The program, titled “Mad Madrigals,” is one Browne had partially planned last year, before she left Seicento. After Browne moved from Boulder at the end of last season, Kevin Padworski was appointed to succeed her as artistic director.

When Padworksi was unable to conduct the concert scheduled for this weekend (March 16–18), Brown came to the rescue, flying from the east coast to take over leadership of performances scheduled in Denver, Boulder and Longmont. She will share the conducting duties with Amanda Balestrieri, Seicento’s associate artistic director.

In addition to the full Seicento chorus, members of the ensemble will be featured as soloists and in smaller groups. Additional musicians will be Paul Holmes Morton, theorbo; Sandra Miller, Baroque cello; Gerald W. Holbrook, harpsichord; Linda Lubeck, recorder; and Steve Winograd, recorder, pipe and tabor, and Morris bells.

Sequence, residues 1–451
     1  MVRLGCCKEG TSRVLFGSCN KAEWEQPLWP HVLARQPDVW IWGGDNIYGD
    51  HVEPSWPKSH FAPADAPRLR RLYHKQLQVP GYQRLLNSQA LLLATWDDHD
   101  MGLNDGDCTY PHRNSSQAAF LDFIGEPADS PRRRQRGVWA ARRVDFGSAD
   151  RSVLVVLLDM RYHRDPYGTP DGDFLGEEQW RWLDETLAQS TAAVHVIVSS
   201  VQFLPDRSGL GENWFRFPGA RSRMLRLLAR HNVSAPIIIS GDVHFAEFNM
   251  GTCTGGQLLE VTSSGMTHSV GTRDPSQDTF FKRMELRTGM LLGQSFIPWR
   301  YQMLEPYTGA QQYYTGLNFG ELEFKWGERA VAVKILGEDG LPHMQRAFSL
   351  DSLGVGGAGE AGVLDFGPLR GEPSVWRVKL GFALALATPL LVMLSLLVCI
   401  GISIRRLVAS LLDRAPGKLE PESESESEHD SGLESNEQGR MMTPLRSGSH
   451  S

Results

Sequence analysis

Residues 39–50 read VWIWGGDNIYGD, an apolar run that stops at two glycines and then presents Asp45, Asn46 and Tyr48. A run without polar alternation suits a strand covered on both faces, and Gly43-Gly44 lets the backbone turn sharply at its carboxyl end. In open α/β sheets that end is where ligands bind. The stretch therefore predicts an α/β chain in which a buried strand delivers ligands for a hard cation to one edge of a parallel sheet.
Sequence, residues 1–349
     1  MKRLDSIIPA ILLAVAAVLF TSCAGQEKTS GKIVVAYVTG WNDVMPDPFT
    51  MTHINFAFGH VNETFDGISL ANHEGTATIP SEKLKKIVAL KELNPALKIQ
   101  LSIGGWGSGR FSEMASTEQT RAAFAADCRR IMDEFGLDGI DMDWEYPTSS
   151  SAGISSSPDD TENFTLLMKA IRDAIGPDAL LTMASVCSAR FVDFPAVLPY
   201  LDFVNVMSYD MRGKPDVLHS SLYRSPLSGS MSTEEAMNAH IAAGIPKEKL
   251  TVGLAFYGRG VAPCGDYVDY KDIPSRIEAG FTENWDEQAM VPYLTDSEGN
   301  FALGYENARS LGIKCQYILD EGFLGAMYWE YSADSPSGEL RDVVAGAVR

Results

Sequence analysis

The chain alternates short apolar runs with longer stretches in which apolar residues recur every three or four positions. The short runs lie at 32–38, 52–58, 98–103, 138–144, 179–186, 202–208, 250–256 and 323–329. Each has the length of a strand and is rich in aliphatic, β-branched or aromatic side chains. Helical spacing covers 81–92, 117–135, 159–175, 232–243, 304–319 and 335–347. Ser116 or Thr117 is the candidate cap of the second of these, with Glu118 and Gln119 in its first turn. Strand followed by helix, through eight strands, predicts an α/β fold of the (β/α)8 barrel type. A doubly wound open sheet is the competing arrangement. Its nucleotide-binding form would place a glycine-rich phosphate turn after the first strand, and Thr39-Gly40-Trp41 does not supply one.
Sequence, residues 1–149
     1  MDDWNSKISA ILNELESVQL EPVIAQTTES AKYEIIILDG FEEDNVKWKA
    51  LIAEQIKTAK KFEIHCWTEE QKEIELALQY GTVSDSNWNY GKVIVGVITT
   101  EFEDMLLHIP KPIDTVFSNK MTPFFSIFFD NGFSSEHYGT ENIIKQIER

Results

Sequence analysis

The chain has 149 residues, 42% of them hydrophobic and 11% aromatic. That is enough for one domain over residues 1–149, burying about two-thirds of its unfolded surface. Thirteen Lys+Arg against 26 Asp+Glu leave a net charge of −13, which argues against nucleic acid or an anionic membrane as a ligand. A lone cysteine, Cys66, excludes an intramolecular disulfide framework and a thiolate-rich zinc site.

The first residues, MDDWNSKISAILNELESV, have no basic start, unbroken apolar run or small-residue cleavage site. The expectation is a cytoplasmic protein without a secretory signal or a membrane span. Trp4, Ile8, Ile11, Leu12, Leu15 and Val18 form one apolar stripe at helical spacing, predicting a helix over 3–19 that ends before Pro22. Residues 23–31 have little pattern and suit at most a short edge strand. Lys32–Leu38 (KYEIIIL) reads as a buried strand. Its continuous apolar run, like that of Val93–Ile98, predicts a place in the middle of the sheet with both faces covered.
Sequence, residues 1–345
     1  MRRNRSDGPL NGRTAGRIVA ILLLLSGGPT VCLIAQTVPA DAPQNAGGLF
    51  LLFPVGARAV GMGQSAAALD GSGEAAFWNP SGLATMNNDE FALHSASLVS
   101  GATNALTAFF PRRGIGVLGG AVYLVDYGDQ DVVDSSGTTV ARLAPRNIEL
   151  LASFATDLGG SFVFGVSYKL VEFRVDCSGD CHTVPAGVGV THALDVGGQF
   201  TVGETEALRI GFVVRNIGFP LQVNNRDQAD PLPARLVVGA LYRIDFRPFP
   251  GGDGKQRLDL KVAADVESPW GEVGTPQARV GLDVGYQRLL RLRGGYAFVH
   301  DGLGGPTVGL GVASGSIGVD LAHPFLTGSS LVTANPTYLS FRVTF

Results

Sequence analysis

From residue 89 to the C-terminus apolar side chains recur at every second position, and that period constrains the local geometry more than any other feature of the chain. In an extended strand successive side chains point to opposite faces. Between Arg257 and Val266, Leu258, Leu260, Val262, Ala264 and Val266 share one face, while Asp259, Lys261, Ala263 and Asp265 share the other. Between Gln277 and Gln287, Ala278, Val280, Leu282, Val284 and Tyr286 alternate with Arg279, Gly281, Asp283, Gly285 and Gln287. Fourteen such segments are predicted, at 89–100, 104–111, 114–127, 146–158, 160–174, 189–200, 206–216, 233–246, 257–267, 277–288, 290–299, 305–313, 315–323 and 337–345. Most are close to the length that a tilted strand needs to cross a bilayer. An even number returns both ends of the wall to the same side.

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Seicento Baroque Ensemble

The program is well outside the usual repertoire of Seicento in the past, which has focused on major choral works of the Baroque period. The anchor work on the program, filling most of the second half, will be Festino nella sera del giovedì grasso avanti cena (Fête for the evening of Carnival Thursday before supper), a “madrigal comedy” by Adriano Banchieri.

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Adriano Banchieri

This is the most famous of the many madrigal comedies written around the year 1600, including several by Banchieri. Like all madrigals, they were written to be sung by amateurs as informal entertainment, often after dinner, and they are generally filled with comic vignettes poking fun at social conventions and stereotypes.